Rocket building and flying is a popular activity for schools, scouts, and children’s organizations such as 4-H. Lessons learned from rocket building include how to plan, start and finish a project, organization of tools and parts, model building skills, and how to use tools. Rocketry can also introduce kids to the exciting world of space technology. Rockets are also lots of fun, which is the main reason for building and flying them. A good first rocket for individuals or groups is the Gnome from Estes. It is an E2X kit which needs no painting or complex gluing. It is available in economical bulk packs for group building.
A minimum of tools are needed for rocket building and include:
Plastic Cement - model glue
The first step in building the rocket is to lay all the parts out on the work surface in front of you, identify them from the plans and make sure they are all there. Using the plan as a guide, organize the parts in the order in which you will be using them.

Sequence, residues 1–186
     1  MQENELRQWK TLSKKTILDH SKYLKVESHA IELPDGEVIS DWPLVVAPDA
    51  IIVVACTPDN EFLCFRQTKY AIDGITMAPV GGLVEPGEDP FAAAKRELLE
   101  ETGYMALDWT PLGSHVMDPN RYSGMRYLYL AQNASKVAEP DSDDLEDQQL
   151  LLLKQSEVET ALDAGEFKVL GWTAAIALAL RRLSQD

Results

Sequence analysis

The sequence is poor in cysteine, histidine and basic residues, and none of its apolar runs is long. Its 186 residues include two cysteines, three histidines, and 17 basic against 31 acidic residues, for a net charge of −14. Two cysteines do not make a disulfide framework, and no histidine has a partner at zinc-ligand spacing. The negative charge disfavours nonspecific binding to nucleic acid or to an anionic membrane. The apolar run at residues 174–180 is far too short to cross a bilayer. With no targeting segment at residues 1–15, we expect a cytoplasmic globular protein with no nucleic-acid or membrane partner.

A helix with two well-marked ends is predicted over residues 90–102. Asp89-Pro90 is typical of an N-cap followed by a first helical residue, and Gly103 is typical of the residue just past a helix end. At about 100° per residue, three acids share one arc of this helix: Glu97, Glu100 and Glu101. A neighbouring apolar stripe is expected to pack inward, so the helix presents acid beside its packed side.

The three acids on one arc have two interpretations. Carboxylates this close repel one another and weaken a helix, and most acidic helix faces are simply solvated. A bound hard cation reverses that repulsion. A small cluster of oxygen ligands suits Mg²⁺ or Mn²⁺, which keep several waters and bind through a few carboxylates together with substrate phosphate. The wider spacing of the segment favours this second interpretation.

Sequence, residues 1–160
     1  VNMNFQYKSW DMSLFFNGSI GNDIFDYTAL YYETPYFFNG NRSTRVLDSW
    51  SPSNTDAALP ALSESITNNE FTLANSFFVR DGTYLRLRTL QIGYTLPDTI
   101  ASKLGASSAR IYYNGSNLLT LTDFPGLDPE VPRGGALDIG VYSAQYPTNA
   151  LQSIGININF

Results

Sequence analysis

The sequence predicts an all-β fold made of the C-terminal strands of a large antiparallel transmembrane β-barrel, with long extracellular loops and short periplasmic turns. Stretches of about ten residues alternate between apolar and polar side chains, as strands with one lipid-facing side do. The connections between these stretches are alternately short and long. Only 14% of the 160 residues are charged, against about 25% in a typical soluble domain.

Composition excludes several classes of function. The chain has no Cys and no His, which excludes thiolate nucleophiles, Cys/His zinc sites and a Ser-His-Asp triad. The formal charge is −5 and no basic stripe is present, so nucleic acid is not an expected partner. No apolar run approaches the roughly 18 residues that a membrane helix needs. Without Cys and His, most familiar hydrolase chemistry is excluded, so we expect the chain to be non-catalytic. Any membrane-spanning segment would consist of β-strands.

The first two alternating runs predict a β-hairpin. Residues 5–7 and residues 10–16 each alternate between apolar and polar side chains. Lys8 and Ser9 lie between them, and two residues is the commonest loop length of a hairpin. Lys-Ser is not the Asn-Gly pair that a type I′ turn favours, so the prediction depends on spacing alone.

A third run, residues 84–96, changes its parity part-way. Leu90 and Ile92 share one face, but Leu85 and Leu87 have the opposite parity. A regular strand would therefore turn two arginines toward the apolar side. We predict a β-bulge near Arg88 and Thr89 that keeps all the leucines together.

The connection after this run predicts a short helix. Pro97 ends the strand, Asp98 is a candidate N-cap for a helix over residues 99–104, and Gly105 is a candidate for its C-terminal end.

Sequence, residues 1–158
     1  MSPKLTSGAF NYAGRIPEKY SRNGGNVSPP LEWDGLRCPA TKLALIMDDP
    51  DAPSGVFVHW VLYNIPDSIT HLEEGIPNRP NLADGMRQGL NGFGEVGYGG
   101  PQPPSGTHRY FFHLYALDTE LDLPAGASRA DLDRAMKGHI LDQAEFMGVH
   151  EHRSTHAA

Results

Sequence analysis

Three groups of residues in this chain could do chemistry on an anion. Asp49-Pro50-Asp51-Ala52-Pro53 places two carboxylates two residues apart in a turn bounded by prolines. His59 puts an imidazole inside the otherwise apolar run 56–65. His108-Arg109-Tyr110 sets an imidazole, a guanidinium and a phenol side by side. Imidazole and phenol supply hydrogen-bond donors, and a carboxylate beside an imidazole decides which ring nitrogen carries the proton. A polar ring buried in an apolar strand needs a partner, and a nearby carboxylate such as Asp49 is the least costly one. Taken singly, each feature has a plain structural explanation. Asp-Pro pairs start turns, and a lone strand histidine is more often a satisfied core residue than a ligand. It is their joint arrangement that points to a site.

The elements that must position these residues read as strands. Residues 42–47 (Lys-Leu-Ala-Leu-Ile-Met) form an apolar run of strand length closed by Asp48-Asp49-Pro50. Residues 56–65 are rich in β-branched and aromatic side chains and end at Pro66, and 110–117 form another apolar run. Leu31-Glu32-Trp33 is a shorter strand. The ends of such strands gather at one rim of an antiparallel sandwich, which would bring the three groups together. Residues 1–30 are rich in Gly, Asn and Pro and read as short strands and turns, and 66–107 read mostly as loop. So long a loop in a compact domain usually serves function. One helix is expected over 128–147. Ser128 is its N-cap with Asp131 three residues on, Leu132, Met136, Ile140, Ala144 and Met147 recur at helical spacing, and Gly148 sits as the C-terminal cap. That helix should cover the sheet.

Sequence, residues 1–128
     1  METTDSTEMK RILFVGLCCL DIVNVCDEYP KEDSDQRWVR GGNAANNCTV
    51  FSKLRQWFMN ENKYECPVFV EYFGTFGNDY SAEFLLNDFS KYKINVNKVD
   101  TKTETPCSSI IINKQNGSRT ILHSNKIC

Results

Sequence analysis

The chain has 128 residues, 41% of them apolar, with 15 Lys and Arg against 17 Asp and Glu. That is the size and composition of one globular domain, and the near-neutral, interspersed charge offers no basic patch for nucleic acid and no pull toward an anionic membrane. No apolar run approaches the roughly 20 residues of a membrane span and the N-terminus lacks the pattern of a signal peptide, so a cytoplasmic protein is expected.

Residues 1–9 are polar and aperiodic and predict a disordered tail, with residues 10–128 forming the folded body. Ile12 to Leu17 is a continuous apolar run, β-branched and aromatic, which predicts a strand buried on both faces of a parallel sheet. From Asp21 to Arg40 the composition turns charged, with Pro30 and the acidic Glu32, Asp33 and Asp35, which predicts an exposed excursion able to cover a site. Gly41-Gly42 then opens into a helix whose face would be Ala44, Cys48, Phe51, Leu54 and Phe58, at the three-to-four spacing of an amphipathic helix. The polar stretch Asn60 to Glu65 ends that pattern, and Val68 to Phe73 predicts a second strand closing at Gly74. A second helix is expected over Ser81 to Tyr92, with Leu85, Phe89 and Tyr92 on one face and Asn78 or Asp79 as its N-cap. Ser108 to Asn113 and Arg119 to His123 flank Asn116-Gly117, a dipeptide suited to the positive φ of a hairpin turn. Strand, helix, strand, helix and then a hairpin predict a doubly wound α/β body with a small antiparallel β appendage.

Glue the nose cone assembly together
Mark body tube for fins using a door frame as a guide
Install the fin unit on the body tube - use the line you drew in the last step to properly align the unit
Install engine hook.
The Gnome uses a streamer recovery system to slow down it’s descent
The shock cord/streamer is installed in the next step - cord glued inside the body tube - the shock cord is an elastic cord
The streamer is taped to the shock cord
Streamer is rolled up and pushed into body tube - install nose cone.
Decal the rocket - its ready to fly!
The Gnome takes about an hour to build and will fly to 200 feet. It can be launched from a baseball field with a 1/2A3-4T engine. Launch using instruction from an earlier column.
After building this one, you are ready to build and fly many other of the many kinds of rockets available in the hobby shop. An earlier column outlined many of these exciting and colorful rockets.
Back To History of the Rocket © 2012 Hobby Hobnob
Basic information about various hobby and craft topics.